CLINTON STACK, U.S. TEXTILE TRADE EXPERT, DIES AT 55

Byline: Jim Ostroff

WASHINGTON — Clinton Stack, an architect of U.S. textile trade policy and an adviser to importers, retailers and foreign governments, died Friday.
Stack, 55, president and chief executive officer of International Development Systems Inc., here, apparently sustained a heart attack, an IDS spokesman said Saturday.
He was acknowledged as one of the world’s foremost experts on international textile trade, including the complex workings of the World Trade Organizations’s Agreement on Clothing and Textiles.
An economist, Stack joined the American Textile Manufacturers Institute in 1963 as assistant director of its international trade division. In 1966, he became part of the Commerce Department’s Office of Textiles and Apparel where he was instrumental in drafting extensions to the long-term agreement under which the U.S. set quotas to limit the importation of textiles and apparel. He was one of the architects of the 1974 Multi-Fiber Arrangement, which regulated U.S. textile and apparel imports from all major suppliers worldwide.
After Stack’s departure from Commerce, he worked for about two years as an economist with the American Textile Manufacturers Institute.
Subsequently, he worked for International Business Economic Research Co., where he developed the first non-government system to monitor textile and apparel imports.
Stack founded IDS in 1986 to provide similar import research to retailers and importers, as well as counsel them on U.S. import policies. The firm also advised many of the world’s leading textile and apparel exporting nations in Asia, Central America, Europe and Africa in their negotiations with the U.S. on textile quotas and disputes.
Stack was an adviser to 14 nations in cases they brought against the U.S. at the WTO since 1995, winning 13, with one case pending.
A glib man given to humor, he was often a featured speaker at textile industry seminars and trade meetings.
Though also one of the prime movers in the effort to eliminate the MFA over 10 years beginning in 1995, Stack’s advice was sought out by domestic makers as well.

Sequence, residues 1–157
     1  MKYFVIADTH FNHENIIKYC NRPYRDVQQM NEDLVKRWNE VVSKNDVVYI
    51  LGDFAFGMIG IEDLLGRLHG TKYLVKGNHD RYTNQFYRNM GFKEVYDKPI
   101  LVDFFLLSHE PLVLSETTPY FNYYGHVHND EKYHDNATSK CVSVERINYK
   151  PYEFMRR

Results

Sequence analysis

“He will be missed by everyone,” said Rita Hayes, the U.S. chief textile negotiator and textile ambassador.
“Although at times we were on different sides of the issue, I had great respect for him,” Hayes said Saturday.
“Clint’s loss is incalculable, as there was no one to rival his expertise, his knowledge of the nuances of the textile program,” said Julia K. Hughes, government relations vice president for the U.S. Association of Importers of Textiles and Apparel.
“But, as someone who helped to create the program, he also was committed to making sure it worked as it should until it is phased out” on Jan. 1, 2005, Hughes said.
Phyllis Bonanno, Warnaco’s international trade vice president, said Stack “single-handedly turned the textile tide by making people realize that protectionism is not the way to grow the industry.”
In particular, Bonanno said that the WTO “wins in Geneva for Costa Rica and India were the culmination of Clint’s career, because these proved what he said for years: If the U.S. textile program is held up for review before an impartial panel, many problems will become apparent.”
An IDS spokesman said the firm will continue in business.
Stack is survived by his parents, Helen and Howard Stack of Rockville, Md., a son, Clinton Edward, two daughters, Kristan and Kathleen Elena, four brothers and two sisters. Funeral arrangements were pending at press time.

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